Is God Omniscient?

Genesis 22:12b: God is omniscient, yet he said to Abraham, "Now I know . . ." He knows all past, present, and future, so why "Now I know . . ."?

Asked By: 
Michael
God's Omniscience - Doctrine vs. Bible
You have discovered that Christian doctrine (I.e. “God is omniscient”) and the Bible don’t always align. There are many places, especially in the Old Testament, where God is surprised, expresses regret, and seems to need help in knowing what’s going on. Of course there are also many places where God clearly knows a whole lot more than we do—the chapters where God speaks to Job out of the whirlwind are a key example of that, as well as many places where God knows people’s hearts. So what to make of that?
 
The passages that support a doctrine of omniscience can also simply be a product of the fact that God, as the Creator of all that is, knows that Creation in a way only the Creator could. God knows our hearts because God made the human heart and knows the way the human mind, heart, and soul are designed to work and how they are prone to go off course. Parents experience this as they get to know their children over time or a married couple comes to know each other so well that they can finish each other’s sentences and pretty much know how the other will respond in a given situation. Our loved ones still can surprise us, but we’re right more often than we’re wrong. 
 
God has been with Creation for millennia. God determined the science of its laws, the depth of our souls, and structured a world where every detail supports every other in a giant web of life. But since we also were given free will, God can also be surprised at our actions. God is so upset at human wickedness in Genesis 6 that God regrets the whole project and decides to wash it away with a flood. The greatest artists will all tell you that they are often surprised by their own work when it takes an unexpected direction. Scientists who are sure their experiments will show one thing are often surprised to discover a different result. God, the greatest of all artists and scientists, seems to have those same moments.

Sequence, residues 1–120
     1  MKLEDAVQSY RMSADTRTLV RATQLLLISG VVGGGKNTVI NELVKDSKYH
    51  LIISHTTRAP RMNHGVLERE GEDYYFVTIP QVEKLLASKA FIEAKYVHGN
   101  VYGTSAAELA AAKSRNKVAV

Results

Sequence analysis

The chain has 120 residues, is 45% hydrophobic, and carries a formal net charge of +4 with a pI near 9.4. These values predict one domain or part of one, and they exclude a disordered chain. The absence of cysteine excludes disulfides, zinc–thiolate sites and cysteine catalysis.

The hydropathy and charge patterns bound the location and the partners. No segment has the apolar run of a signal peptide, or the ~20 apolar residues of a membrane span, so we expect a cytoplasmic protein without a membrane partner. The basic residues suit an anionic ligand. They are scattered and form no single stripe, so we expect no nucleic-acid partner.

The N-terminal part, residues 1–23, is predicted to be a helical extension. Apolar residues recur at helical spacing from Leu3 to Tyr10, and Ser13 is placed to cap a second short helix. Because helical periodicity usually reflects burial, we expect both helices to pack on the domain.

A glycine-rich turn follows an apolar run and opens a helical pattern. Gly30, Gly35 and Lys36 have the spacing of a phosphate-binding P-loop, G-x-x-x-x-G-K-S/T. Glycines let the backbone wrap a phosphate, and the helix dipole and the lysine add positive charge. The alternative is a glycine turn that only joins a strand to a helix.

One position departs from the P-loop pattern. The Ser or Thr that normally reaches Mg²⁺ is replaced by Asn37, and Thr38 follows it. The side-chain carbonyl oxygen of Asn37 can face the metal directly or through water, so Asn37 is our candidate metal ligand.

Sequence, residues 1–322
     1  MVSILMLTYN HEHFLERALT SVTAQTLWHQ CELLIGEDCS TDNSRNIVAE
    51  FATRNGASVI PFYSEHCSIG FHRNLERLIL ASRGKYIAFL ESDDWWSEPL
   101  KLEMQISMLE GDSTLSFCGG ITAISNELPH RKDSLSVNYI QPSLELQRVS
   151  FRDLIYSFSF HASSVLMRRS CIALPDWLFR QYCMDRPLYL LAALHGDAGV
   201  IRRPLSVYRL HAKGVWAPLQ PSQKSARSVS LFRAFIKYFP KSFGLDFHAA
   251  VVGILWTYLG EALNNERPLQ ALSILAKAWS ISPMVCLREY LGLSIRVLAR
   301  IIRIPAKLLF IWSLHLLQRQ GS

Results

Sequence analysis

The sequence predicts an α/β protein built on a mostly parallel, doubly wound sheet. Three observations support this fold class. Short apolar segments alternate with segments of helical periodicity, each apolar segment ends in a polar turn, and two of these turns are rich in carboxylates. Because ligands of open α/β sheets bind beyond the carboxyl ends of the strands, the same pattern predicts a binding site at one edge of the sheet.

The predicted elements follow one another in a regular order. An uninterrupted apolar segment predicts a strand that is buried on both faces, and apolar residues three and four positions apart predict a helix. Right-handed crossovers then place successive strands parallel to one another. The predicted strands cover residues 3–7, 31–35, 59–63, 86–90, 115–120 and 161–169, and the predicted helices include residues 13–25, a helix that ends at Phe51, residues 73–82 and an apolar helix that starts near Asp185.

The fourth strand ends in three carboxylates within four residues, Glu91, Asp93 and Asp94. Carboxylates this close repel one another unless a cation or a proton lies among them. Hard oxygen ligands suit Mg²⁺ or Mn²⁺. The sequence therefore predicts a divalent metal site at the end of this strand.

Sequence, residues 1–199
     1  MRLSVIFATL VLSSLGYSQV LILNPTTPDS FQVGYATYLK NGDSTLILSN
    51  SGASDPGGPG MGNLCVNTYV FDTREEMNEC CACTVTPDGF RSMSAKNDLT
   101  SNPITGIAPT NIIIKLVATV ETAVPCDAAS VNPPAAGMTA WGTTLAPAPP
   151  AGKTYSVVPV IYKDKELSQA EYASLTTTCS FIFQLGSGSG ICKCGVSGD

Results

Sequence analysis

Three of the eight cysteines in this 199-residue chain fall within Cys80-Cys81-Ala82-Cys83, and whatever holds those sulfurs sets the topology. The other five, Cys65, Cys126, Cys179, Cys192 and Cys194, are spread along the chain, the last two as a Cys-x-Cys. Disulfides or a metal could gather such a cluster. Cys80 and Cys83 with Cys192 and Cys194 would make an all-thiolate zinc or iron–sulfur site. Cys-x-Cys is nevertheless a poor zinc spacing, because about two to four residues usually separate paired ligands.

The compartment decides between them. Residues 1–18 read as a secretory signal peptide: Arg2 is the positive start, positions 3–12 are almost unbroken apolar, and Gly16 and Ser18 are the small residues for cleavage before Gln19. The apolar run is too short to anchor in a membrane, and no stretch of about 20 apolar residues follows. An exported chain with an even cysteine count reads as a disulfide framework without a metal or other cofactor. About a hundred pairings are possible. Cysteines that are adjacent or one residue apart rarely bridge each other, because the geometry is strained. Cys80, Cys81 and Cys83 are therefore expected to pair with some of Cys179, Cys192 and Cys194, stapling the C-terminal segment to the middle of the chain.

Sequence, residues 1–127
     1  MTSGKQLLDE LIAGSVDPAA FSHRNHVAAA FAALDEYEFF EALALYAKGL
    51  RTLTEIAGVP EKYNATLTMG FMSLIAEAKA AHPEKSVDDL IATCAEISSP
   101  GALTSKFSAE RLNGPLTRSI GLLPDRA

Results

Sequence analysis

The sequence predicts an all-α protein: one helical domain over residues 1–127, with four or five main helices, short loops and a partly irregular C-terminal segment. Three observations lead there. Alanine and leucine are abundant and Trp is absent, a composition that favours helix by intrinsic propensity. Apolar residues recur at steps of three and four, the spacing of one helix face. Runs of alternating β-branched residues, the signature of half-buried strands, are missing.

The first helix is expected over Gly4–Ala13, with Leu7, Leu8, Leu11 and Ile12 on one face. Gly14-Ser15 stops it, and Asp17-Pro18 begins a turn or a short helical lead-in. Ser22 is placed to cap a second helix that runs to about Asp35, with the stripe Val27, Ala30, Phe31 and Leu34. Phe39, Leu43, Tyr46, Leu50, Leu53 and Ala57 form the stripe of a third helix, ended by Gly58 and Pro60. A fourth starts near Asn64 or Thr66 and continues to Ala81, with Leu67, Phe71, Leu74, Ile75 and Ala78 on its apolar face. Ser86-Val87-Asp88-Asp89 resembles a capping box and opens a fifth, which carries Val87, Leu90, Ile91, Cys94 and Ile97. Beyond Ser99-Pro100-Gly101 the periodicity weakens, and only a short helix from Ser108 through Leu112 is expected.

Another way to look at the question is to consider that while God could know everything—past, present, and future—God might choose not to use that power. A human example might be a couple expecting a baby. We have the ability to know the gender of that child before birth, but many couples choose to be surprised instead. Humans are made in the image of God and most humans enjoy a pleasant surprise much more than something we knew was coming. Maybe the love of a wonderful surprise is something we get from God!
 
I’m not sure that answers your question, but I hope it can give you some perspective and something to look for as you read the Word of God.
 

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Author: Anne Robertson

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